Pope Benedict tells Priests to start blogging
The Holy Father is taking this year’s World Communications Day as an opportunity to encourage Priests to make better use of blogs, Twitter, Facebook and other social media to connect with their congregations and, even more importantly, spread the Gospel to those “who have not heard”.
Responding adequately to this challenge amid today’s cultural shifts, to which young people are especially sensitive, necessarily involves using new communications technologies. The world of digital communication, with its almost limitless expressive capacity, makes us appreciate all the more Saint Paul’s exclamation: “Woe to me if I do not preach the Gospel” (1 Cor 9:16) The increased availability of the new technologies demands greater responsibility on the part of those called to proclaim the Word, but it also requires them to become become more focused, efficient and compelling in their efforts. Priests stand at the threshold of a new era: as new technologies create deeper forms of relationship across greater distances, they are called to respond pastorally by putting the media ever more effectively at the service of the Word.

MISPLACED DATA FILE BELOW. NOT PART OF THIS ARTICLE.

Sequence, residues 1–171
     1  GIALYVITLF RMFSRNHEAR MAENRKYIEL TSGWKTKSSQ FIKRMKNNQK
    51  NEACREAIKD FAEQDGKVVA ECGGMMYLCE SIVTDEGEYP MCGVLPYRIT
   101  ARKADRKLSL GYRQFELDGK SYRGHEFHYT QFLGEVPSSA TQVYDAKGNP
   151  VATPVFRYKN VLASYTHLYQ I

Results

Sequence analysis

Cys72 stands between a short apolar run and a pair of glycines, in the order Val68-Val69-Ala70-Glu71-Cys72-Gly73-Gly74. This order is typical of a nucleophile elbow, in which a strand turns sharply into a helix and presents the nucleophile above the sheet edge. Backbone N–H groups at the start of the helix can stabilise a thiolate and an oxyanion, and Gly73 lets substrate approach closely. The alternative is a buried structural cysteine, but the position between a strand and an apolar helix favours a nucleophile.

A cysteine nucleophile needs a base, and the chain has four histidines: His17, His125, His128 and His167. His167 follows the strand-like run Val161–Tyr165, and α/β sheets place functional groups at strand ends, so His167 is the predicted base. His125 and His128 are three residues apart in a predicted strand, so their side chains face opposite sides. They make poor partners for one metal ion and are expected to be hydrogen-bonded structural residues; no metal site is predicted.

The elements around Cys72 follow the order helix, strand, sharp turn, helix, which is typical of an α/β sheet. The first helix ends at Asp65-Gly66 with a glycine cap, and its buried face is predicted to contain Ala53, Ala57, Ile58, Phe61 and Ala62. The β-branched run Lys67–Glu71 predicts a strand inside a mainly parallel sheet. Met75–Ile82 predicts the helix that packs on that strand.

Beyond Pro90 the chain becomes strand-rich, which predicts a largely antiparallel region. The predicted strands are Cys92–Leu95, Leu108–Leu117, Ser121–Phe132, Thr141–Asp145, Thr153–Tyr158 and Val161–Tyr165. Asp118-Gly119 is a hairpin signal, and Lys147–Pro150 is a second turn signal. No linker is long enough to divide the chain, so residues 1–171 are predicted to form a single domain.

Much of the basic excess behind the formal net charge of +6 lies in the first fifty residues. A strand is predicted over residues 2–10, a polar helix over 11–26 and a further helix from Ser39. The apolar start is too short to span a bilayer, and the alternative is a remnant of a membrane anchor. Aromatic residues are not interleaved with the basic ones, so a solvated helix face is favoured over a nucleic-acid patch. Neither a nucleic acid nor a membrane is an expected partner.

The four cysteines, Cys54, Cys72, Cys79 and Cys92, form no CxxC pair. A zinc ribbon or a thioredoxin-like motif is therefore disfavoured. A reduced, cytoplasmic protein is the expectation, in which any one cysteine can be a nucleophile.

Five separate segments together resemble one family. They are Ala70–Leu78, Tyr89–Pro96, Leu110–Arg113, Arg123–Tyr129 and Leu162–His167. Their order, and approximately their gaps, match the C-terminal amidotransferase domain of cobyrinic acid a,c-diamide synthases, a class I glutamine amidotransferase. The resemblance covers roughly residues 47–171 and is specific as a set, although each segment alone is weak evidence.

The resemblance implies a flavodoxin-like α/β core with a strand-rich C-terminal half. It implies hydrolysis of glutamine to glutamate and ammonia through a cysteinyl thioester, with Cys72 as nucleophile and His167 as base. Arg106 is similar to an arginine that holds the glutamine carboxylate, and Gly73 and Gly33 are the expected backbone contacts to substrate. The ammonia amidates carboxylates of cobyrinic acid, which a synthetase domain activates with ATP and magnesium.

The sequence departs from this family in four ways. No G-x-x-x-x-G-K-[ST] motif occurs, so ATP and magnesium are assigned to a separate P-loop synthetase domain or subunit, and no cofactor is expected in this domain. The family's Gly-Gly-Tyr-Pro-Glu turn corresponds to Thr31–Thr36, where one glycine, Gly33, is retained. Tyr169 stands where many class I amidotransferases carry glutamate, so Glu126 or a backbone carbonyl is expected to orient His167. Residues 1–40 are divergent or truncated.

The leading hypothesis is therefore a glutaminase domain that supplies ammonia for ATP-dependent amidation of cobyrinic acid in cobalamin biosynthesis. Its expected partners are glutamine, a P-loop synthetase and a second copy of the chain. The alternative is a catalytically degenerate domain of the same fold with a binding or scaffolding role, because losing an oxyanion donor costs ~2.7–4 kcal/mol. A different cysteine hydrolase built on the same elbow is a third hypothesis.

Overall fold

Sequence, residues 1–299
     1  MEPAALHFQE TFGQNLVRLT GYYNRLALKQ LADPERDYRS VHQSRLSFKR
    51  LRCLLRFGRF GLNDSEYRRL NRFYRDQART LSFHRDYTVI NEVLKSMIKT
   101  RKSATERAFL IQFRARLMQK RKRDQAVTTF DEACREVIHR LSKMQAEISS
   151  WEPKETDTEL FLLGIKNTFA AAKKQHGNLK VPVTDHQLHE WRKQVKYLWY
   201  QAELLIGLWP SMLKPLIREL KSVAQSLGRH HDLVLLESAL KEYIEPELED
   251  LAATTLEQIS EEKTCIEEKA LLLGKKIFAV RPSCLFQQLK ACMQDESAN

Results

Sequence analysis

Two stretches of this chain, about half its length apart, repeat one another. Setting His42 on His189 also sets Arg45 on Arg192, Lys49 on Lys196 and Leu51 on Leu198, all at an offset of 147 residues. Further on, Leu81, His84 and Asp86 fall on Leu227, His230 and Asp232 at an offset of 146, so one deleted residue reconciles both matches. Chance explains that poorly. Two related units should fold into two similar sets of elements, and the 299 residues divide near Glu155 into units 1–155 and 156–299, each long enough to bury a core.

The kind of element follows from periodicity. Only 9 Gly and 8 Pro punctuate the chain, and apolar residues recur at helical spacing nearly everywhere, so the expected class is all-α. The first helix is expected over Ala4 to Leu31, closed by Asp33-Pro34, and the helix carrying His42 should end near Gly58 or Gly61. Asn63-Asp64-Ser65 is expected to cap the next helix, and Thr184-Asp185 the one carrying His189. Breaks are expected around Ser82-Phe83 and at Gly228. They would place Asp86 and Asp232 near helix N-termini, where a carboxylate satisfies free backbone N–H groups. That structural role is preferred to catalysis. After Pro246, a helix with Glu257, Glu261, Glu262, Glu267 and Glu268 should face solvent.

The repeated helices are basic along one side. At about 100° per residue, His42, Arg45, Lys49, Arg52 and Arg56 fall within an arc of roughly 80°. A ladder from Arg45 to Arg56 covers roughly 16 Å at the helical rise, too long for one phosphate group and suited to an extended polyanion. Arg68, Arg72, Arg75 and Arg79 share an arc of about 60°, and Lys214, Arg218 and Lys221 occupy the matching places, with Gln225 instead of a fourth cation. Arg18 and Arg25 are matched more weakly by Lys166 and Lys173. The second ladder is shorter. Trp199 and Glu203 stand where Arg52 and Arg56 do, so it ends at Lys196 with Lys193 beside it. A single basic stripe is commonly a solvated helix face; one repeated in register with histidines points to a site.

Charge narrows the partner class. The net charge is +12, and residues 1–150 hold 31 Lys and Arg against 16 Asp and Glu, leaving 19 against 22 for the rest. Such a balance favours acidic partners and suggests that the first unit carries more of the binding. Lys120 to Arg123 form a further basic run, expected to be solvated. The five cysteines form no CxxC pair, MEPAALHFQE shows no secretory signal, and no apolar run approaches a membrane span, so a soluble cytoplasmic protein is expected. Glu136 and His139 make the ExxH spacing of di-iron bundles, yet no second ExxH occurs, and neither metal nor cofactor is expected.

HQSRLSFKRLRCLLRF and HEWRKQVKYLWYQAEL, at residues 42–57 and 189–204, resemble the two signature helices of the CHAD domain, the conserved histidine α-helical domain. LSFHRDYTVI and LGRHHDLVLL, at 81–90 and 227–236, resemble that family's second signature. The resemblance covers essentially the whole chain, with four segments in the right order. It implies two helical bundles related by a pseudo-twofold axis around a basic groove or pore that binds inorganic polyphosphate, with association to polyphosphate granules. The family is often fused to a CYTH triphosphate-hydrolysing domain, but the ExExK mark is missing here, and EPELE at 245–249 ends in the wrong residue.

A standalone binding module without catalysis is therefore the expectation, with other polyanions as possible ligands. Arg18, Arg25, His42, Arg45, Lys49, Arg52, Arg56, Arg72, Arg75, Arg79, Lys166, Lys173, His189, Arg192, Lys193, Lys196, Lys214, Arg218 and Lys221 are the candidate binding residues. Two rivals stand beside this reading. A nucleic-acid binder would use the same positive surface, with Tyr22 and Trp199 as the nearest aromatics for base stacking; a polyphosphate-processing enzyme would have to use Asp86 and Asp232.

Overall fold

The Church has always attempted to use current communications tools to reach as many people as possible, from the first mass produced Bibles, to Mother Angelica’s creation of EWTN, to Notre Dame’s current widespread use of iTunes and it’s website for live Mass broadcasts and other Church events and news. The Church has had as reputation as obstinate and unchanging, a perception that the Holy Father seems intent on changing.
How big of a role should blogs and other social networking play in the everyday duties of Priests, Pastors and other local-level Church leaders?